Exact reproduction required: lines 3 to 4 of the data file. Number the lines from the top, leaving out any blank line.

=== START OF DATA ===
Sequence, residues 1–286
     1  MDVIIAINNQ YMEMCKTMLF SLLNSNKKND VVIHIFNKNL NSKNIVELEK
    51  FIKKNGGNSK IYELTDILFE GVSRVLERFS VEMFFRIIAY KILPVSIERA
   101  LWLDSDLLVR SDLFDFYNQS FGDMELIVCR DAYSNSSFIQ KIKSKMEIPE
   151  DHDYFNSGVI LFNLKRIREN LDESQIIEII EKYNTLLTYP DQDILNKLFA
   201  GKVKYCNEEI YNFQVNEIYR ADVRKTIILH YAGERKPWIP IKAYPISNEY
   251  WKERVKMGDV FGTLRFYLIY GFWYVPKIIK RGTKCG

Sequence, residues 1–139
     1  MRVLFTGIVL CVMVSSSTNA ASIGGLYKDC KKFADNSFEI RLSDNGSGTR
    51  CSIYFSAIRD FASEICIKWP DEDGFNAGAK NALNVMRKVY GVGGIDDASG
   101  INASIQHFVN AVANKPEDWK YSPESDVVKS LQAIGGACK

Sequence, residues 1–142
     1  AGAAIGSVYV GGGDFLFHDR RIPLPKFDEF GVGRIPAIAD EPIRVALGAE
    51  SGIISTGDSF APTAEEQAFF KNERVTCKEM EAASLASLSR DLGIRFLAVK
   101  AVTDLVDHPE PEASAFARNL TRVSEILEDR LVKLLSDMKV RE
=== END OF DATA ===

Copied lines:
    51  FIKKNGGNSK IYELTDILFE GVSRVLERFS VEMFFRIIAY KILPVSIERA
   101  LWLDSDLLVR SDLFDFYNQS FGDMELIVCR DAYSNSSFIQ KIKSKMEIPE